Seven Marks of a Healthy Church
1. Energized by faith rather than just keeping things going or trying to survive
worship and sacramental life: moves people to experience God’s love
motivation: energy comes from a desire to serve God and one another
engaging with Scripture: in creative ways connect with life
nurtures faith in Christ: helping people to grow in, and share their faith.
2. Outward-looking focus with a 'whole life' rather than a 'church life' concern
deeply rooted in the local community, working in partnership with other denominations, faiths, secular groups and networks
passionate and prophetic about justice and peace, locally and globally
makes connections between faith and daily living
responds to human need by loving service
3. Seeks to find out what God wants discerning the Spirit’s leaning rather than trying to please everyone
vocation: seeks to explore what God wants it to be and do
vision: develops and communicates a shared sense of where it is going
mission priorities: consciously sets both immediate and long-term goals
able to call for, and make, sacrifices, personal and corporate, in bringing about the above and living out the faith.
4. Faces the cost of change and growth rather than resisting change and avoiding failure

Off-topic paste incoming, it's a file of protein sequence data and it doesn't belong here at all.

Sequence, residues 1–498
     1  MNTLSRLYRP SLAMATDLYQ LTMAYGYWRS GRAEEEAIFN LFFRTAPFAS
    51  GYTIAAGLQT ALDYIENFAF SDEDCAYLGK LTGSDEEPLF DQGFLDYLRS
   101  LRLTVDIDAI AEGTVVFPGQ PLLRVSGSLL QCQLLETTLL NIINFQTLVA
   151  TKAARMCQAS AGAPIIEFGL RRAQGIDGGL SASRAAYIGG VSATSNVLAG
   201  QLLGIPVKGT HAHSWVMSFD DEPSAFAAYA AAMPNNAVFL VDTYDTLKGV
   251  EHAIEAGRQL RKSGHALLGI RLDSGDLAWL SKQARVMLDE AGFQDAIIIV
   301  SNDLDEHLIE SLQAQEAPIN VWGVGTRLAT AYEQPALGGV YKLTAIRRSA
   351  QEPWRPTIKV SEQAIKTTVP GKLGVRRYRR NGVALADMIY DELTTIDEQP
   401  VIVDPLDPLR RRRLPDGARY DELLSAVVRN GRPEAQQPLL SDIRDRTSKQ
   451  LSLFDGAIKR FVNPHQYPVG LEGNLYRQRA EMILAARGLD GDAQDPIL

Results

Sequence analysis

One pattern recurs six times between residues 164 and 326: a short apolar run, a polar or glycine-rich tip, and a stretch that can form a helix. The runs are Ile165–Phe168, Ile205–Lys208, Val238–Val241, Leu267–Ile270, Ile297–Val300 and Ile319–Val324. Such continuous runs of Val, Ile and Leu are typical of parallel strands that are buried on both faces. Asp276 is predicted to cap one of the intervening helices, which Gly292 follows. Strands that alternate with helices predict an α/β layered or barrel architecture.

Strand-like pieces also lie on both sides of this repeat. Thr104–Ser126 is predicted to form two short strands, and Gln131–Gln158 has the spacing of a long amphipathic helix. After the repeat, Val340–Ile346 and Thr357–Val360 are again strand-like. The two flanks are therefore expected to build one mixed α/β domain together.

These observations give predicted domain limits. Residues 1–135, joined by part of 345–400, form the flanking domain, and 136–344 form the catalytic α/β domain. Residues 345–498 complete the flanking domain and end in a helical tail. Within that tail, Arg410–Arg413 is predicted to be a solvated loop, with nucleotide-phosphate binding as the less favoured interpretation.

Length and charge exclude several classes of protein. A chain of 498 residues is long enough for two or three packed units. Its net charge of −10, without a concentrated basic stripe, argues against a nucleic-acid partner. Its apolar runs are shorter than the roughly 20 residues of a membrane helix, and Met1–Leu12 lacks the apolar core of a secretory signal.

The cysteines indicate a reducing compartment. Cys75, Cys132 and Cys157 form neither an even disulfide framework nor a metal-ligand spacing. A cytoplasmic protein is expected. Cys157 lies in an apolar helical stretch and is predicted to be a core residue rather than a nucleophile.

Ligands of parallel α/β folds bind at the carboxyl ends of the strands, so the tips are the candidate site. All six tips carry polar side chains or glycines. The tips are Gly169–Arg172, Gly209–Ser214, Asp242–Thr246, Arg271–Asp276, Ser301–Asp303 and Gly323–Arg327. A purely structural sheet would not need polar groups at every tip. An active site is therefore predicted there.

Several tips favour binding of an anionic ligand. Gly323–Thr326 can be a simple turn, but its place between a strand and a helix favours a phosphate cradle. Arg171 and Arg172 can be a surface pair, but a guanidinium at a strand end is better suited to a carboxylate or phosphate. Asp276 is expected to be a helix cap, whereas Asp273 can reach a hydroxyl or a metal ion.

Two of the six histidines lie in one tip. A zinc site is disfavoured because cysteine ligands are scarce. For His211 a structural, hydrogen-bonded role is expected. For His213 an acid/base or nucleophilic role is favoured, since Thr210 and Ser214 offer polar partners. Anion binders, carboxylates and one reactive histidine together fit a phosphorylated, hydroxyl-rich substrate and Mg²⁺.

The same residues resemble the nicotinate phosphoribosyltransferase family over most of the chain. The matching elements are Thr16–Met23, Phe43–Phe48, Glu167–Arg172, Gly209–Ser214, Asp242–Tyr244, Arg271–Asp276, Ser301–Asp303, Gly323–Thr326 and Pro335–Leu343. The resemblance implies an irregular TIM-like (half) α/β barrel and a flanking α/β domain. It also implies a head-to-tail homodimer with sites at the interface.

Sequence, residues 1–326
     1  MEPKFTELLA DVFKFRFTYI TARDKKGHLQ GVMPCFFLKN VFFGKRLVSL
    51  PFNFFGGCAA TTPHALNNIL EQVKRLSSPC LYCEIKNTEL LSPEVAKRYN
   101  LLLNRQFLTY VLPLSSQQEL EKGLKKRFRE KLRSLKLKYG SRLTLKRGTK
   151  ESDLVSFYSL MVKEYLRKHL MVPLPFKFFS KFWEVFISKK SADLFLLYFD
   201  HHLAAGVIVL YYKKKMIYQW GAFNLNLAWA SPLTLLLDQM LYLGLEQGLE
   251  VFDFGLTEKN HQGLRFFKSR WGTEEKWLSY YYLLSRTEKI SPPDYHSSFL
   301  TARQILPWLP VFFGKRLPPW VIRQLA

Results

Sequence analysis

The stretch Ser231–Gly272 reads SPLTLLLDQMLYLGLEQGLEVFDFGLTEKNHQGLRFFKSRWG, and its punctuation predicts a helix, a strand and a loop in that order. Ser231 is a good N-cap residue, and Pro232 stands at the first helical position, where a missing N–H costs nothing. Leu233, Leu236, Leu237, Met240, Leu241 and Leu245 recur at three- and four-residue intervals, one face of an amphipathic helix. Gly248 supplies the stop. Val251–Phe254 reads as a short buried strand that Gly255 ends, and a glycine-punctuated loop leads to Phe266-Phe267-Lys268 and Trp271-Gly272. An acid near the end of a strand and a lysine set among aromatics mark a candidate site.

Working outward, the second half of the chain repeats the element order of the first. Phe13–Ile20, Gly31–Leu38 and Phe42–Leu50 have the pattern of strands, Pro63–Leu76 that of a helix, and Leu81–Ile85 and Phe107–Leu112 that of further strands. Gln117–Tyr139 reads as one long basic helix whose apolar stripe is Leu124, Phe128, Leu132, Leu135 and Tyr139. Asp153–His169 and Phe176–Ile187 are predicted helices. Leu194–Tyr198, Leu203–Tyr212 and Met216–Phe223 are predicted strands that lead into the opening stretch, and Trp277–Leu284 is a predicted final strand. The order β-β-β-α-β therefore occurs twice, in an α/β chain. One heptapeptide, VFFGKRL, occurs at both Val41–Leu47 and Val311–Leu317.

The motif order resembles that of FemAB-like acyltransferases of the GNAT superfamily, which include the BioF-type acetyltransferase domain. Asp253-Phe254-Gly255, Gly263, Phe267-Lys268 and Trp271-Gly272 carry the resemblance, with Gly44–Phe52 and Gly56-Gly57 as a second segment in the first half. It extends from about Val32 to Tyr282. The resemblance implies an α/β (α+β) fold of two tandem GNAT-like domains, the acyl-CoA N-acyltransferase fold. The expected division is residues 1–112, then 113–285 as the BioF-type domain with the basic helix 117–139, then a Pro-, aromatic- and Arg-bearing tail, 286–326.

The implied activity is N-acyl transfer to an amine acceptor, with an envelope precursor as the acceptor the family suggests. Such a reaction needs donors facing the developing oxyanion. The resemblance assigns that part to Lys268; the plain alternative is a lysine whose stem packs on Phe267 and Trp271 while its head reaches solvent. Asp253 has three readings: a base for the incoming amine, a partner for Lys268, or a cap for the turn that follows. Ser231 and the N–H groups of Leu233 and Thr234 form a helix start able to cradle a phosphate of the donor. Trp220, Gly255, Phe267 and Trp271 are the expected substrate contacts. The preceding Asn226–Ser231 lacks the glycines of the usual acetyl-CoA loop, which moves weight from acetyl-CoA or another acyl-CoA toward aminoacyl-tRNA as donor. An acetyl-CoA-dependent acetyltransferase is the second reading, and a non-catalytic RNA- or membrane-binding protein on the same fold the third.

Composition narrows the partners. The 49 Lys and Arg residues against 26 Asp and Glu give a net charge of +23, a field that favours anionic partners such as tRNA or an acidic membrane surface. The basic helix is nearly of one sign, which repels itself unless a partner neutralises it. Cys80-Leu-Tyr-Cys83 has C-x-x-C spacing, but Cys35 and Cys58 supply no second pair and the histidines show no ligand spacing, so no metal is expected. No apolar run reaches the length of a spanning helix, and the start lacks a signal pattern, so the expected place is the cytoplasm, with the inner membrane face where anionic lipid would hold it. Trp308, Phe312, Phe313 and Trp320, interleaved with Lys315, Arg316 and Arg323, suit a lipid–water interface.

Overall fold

while embracing the past, it dares to take on new ways of doing things
takes risks: and admits when things are not working, and learns from experience
crises: responds creatively to challenges that face the church and community
positive experiences of change: however small, are affirmed and built on.
5. Operates as a community rather than functioning as a club or religious organisation
Relationships: are nurtured, often in small groups, so people feel accepted and are helped to grow in faith and service
leadership: lay and ordained work as a team to develop locally appropriate expressions of all seven marks of a healthy church
lay ministry: the different gifts, experiences and faith journeys of all are valued and given expression in and beyond the life of the church.
6. Makes room for all being inclusive rather than exclusive.
welcome: works to include newcomers into the life of the church
children and young people: are helped to belong, contribute and be nurtured in their faith
enquirers are encouraged to explore and experience faith in Christ
diversities: different social and ethnic backgrounds, mental and physical abilities, and ages, are seen as a strength.
7. Does a few things and do them well focused rather than frenetic.
does the basics well: especially public worship, pastoral care, stewardship and administration
occasional offices: make sense of life and communicate faith
being good news as a church in its attitudes and ways of working
enjoys what it does and is relaxed about what is not being done